Alice Walker: Beauty in Truth is worth watching simply for the more than a dozen scenes of Walker reading over the years from her journals, letters, poems, and novels. It's hard not to be bewitched by her voice: confident, but with an underlying touch of fragility.
Director Pratibha Parmar's intimate, 90-minute American Masters portrait of Walker is one of a series of programs this month on PBS commemorating Black History Month.
Parmar previously has collaborated with Walker on a book, Warrior Marks, and its 1993 film adaptation. She doesn't pretend her film is an objective, critical study. Instead, it's a work of adulation designed to enchant us, draw us in, help us fall in love with Walker's world and her work.
It succeeds admirably.
Employing archival footage, interviews with Walker's family and friends, including her college teacher Howard Zinn, her editor at Ms. magazine Gloria Steinem, and fellow authors and scholars such as Sapphire, Beverly Guy-Sheftall, and Evelyn C. White, Parmar dutifully surveys the major turning points in Walker's life.
Raised under Jim Crow in rural Georgia, Alice Walker was the youngest of eight children born to impoverished sharecropper Willie Lee Walker and his wife, Minnie Lou Tallulah Grant, who helped pay for Alice's school needs by working as a maid. Minnie brought in $17 a week, her now 69-year-old daughter recounts on-camera, yet she supplied Alice with a typewriter and a briefcase and kept her in notebooks and ink throughout her teens.
We follow the 17-year-old Walker as she matriculates at Spelman College in Atlanta on a full scholarship, then transfers to Sarah Lawrence College in New York state. Throughout her college years, Walker dreaded the prospect of failure: She was afraid Spelman might throw her out because of her active role in the civil rights movement. When she becomes pregnant, she considers suicide.
"I had nowhere to go back to," says Walker, who explains the few options she'd have as a single black mother in Georgia. "So it was abortion or suicide."
Walker has the abortion, but the trauma has a profound effect. Poems rush in faster than she can write them down. "It's like all the debris of the situation becomes a fuel for the emergence of a new consciousness," Walker says of the flood of inspiration. She collected the poems in her first book, Once, published when she was 24.
Within a decade, she published two major novels. The Third Life of Grange Copeland (1970) explored the effects of racism on black families. It explored how black men sometimes transferred the oppression they felt from white society into violent rage against their own wives and children. Meridian (1976), a nuanced account of the civil rights movement from the point of view of young activists, is still considered one of the best chronicles of that era.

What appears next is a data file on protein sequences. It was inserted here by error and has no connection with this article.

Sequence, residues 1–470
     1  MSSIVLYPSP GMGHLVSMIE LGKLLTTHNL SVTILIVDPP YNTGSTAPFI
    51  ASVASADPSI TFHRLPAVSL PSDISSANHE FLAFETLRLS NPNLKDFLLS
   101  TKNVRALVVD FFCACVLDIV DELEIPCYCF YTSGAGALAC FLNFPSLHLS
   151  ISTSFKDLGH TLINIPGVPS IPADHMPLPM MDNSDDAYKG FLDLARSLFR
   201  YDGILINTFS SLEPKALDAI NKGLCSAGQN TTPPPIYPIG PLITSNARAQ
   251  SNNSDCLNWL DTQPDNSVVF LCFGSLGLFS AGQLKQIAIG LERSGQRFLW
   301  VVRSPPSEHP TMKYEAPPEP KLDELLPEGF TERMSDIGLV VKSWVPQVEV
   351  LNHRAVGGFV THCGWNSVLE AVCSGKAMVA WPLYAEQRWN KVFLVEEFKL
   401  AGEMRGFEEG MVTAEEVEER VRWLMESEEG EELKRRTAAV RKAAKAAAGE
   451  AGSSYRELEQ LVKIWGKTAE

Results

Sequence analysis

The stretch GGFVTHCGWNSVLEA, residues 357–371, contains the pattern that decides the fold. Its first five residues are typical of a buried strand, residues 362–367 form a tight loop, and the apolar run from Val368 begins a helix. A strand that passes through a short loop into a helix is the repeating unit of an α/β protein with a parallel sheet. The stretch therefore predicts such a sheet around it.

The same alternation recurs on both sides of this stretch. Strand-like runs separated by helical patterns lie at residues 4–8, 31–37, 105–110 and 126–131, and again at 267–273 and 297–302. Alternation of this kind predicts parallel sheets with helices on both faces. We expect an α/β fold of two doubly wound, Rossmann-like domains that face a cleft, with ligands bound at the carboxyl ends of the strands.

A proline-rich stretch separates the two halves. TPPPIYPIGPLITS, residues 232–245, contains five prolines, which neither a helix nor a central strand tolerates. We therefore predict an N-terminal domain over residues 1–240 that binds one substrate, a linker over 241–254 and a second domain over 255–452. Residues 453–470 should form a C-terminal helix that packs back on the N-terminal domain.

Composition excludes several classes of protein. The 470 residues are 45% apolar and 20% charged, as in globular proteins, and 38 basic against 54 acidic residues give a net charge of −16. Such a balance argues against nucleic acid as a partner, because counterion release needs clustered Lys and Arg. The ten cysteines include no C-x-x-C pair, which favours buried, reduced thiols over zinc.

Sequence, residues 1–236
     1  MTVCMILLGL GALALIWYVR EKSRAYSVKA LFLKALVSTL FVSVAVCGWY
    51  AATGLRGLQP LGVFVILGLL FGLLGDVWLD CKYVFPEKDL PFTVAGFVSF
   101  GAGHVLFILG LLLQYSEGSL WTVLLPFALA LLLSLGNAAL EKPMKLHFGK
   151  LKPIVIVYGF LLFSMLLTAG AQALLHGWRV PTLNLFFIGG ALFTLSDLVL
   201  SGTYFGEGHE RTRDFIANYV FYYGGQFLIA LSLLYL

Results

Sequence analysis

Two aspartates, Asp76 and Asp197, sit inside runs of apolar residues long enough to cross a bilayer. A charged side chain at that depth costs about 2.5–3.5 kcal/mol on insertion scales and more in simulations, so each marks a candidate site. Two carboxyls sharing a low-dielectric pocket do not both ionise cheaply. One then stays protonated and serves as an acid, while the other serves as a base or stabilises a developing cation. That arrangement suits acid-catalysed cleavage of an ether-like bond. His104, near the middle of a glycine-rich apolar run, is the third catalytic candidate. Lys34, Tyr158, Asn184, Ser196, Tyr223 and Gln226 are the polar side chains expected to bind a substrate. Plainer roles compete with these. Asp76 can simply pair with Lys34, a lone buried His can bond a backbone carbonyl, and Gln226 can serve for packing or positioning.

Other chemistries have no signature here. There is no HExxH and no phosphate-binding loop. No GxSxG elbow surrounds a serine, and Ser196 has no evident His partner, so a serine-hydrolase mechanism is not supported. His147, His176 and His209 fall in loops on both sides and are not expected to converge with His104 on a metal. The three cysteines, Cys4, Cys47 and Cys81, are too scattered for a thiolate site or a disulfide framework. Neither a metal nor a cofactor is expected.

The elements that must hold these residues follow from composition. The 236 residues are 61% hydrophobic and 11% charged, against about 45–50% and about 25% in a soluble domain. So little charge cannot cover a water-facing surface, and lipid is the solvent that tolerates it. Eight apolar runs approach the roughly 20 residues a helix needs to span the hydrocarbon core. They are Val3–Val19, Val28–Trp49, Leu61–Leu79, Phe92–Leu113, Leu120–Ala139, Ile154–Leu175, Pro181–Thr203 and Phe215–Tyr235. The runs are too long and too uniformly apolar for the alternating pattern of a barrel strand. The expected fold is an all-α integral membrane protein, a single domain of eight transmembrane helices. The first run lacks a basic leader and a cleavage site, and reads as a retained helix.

And in 1983, Walker became the first African American woman to win the Pulitzer Prize for fiction, for The Color Purple.
Alice Walker: Beauty in Truth presents Walker as a single-minded artist who refuses to be bound by expectations, including those of her own community.
We are taken back to 1985 when Stephen Spielberg's film adaptation of The Color Purple was picketed by black church leaders and men's groups who complained that the story demonized the African American male and promoted lesbianism.
Walker's 1992 novel, Possessing the Secret of Joy, inspired similar attacks. Refusing to sentimentalize or romanticize Africa, the novel mounts a powerful critique of cultural misogyny as it rears its head through the practice of female genital mutilation.
Walker's own life seems a tribute to individual choice: She was attacked by comrades in the civil rights movement in 1967 when she married a white man, Jewish lawyer and activist Melvyn Rosenman Leventhal, with whom she has a daughter, Rebecca.
Divorced in 1976, Walker had a number of male partners before she raised the ire of critics yet again when she began dating a series of white and black women, including singer Tracy Chapman.
Other controversies include Walker's very public falling-out with Rebecca, who in 2008 accused Walker of being a terrible mother and role model. She described her mother as a militant feminist who thought of motherhood as a form of enslavement.
Walker speaks of the attack with restraint, though it's clear that she is greatly hurt.
For the most part, Walker seems sanguine about the controversies that have surrounded her career.
Alice Walker: Beauty in Truth presents Walker as a complex, brilliant artist who passionately upholds the interests of her community but whose work transcends parochialism. Like all great literature, Walker's novels marry the individual, the idiosyncratic, the particular, and the local with the universal.
As Steinem puts it in the film, "I hope and I believe that people's love for her as an author has put an end to the idea that somehow Tolstoy is universal and African American authors are special and won't be appreciated by a larger audience."
Alice Walker: Beauty in Truth
9 p.m. Friday on WHYY TV12.